How do you judge a coach?
It unfolded with all the melodrama and tackiness often associated with the desi process of choosing an appropriate rishta. Potential suitors came and went, names were thrown about in hope as well as despair, there was haggling over money, and finally, there was Mickey.
The appointment of Mickey Arthur is the fourth time Pakistan have appointed a foreign-born coach to lead the national side. The first such appointment, of Richard Pybus in 1999, took place in an era where cricket was only recently beginning to appreciate the value of a coach, and indeed, a coaching staff. The importance of the role evolved rapidly since coming to prominence in 1990s, and as Osman Samiuddin recently noted, the advent of T20 has added a further layer to that evolution.
The fact that the captain is so influential meant that cricket's need for a coach was less crucial compared to other team sports. More significantly perhaps, coaching international sides as they did, rather than franchises or clubs, meant that cricket coaches have always had limited resources to work with - you can't buy or transfer replacements.
So how does one judge a coach? The bottom line, the one that is often knotted up to make a noose, is the overall record. How many wins, how many losses - as simple as that. Beyond that are more nebulous factors, like development of players and introduction of new tactics or the creation of an identity. In winning sides, these things are as easy to spot as smelling out the perfume shop in an airport duty-free. In less successful sides, with blame and betrayal swirling in the air, separating the coach's influence from other factors can be like discerning between smoke and fog.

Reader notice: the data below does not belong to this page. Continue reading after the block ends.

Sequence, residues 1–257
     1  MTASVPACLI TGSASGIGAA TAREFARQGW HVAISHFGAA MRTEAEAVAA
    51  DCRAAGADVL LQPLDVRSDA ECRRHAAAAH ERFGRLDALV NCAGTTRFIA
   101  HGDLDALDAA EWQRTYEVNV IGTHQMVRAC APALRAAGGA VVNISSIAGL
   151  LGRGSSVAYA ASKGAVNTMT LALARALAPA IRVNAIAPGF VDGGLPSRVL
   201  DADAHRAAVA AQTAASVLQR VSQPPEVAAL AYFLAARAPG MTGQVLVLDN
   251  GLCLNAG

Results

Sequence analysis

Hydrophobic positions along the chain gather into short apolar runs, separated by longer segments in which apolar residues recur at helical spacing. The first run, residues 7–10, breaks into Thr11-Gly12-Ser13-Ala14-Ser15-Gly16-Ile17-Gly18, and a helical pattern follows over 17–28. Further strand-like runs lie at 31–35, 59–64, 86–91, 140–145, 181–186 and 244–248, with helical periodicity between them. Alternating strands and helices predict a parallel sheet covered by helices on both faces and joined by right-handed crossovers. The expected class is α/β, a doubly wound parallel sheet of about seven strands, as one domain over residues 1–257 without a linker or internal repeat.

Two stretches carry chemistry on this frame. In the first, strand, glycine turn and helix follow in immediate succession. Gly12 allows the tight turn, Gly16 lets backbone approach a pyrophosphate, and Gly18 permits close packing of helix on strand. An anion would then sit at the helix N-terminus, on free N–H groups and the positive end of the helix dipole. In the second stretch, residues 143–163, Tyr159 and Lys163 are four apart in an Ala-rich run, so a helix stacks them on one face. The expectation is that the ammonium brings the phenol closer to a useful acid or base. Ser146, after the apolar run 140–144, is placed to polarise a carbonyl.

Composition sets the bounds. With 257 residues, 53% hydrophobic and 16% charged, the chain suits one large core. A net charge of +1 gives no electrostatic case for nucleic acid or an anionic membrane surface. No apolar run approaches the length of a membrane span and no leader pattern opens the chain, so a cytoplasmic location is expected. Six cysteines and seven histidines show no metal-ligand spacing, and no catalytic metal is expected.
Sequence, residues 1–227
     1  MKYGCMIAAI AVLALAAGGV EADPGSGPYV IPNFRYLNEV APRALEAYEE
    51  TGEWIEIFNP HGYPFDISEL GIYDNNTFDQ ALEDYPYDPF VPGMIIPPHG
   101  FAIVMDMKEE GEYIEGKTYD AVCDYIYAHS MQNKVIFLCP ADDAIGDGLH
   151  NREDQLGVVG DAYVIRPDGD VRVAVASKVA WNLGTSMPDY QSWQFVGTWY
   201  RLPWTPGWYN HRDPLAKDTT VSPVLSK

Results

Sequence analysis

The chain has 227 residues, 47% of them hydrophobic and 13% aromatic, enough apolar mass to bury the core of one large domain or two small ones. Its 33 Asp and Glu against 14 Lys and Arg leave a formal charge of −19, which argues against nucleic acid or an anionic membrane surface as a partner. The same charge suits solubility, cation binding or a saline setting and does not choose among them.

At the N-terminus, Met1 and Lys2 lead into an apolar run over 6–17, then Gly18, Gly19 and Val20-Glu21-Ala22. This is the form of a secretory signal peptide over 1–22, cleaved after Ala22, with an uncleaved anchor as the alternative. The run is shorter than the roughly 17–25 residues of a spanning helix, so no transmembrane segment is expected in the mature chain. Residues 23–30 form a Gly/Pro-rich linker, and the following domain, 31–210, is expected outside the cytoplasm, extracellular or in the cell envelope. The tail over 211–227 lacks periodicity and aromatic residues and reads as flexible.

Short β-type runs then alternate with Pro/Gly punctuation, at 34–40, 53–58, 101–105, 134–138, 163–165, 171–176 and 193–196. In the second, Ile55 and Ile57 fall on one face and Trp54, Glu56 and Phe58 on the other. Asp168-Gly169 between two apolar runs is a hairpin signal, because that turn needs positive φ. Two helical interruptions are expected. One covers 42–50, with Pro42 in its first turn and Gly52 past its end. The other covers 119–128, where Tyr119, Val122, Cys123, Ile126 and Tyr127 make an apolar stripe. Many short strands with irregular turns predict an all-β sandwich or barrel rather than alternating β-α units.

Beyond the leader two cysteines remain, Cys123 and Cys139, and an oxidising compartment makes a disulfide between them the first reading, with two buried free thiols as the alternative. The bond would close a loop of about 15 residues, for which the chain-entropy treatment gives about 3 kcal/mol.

And then there is the question of luck. Factors such as the stability of the board and cooperation from it, the strength of the domestic infrastructure, the sociopolitical situation, are all out of most coaches' hands, and all weigh heavily on how they perform. Since 2009, every Pakistan coach has dealt with a lack of cricket at home, a hugely debilitating factor.
If one is to take a swift look at the record of the four foreign coaches appointed by Pakistan, only one has done well while all the others have been quite poor.
Bob Woolmer's record in Tests is well ahead of the others, while his record in ODIs is about equal to that of Richard Pybus, who had a much stronger team to work with. Dav Whatmore turned a struggling ODI side around, but both his and Geoff Lawson's numbers were inflated by wins against weaker sides.